From Vancouver Island to California, this captivating evergreen is easily identified by its silky-smooth, luxuriant, orange-red bark. The no-two-alike, curvaceous madrona sprouts bell-like flowers in spring. In autumn its red berries tantalize birds, bears and Beatles.
Wrapped in papery bark that peels and dangles in long, curling strips, madronas hug the shores of the Strait of Georgia, the San Juans and the untamed coastline of Washington, Oregon and California. This gnarly but elegant specimen appears poised to leap from rocky outcroppings, brazenly daring Pacific storms to wrench it from its roots.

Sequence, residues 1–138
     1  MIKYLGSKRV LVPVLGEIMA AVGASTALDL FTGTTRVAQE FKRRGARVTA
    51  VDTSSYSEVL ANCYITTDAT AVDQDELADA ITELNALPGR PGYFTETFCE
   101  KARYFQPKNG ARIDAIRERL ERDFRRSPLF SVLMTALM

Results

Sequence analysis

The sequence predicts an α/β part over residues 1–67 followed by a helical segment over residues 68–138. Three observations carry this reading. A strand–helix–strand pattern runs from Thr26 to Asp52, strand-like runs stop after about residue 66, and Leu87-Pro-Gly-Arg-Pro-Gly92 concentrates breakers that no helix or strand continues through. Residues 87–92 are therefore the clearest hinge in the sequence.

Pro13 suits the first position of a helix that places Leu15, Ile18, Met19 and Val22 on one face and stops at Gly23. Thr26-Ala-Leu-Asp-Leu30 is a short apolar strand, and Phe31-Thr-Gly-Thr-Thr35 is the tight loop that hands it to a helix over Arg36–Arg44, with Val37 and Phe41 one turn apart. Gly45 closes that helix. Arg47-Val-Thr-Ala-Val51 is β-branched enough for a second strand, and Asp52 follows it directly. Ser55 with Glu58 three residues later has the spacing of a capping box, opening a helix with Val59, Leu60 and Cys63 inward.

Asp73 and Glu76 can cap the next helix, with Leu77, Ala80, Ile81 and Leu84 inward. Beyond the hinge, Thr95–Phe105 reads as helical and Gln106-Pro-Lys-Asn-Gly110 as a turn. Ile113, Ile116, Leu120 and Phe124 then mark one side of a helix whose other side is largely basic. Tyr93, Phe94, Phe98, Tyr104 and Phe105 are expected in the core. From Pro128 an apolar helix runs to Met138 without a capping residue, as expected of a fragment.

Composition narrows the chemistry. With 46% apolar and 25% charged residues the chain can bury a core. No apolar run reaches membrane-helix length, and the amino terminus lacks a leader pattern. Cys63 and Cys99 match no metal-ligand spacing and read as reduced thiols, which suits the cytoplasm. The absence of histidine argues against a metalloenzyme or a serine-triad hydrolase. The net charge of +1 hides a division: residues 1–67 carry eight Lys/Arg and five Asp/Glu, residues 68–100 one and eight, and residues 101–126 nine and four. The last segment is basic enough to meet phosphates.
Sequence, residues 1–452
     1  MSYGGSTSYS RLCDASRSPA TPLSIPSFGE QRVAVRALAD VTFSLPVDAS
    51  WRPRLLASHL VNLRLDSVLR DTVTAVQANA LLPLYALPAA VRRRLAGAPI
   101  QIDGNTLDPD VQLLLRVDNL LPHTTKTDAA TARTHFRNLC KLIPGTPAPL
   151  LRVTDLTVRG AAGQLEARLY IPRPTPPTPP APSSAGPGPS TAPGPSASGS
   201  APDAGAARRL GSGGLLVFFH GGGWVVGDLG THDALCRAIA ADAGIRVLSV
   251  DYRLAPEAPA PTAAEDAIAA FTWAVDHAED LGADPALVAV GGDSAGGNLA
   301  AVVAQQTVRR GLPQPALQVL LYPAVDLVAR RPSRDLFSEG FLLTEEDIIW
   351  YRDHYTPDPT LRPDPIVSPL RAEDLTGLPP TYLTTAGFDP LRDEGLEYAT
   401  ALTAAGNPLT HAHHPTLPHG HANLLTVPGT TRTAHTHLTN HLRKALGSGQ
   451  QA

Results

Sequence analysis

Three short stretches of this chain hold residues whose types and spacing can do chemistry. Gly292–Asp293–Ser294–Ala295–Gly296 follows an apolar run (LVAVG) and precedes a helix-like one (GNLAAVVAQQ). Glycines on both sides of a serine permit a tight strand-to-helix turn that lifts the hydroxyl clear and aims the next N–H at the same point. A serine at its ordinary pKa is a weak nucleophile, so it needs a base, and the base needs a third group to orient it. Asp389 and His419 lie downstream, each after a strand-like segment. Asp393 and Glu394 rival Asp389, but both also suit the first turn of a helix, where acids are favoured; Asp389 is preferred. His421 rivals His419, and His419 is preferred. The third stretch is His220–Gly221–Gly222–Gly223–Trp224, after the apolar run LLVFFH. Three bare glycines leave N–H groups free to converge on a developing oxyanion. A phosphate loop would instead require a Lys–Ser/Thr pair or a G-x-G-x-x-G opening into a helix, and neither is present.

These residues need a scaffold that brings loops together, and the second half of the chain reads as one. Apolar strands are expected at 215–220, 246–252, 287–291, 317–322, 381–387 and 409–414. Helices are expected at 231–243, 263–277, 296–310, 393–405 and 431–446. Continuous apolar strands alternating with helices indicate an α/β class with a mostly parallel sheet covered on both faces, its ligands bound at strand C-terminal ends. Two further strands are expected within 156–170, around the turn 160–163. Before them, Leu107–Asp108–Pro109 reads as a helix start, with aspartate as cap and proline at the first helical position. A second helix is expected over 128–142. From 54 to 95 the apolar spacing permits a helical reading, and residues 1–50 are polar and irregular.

History’s most famous songwriter promised that those who take time to know God are like trees that bear fruit, prosper in life and never wither. Exercising their personal freedom, those who do not choose this path, he says, are like chaff, scattered by the wind.
Is this really such a difficult choice: to be a healthy, fruitful tree or one whose roots are perilously not anchored to its Creator?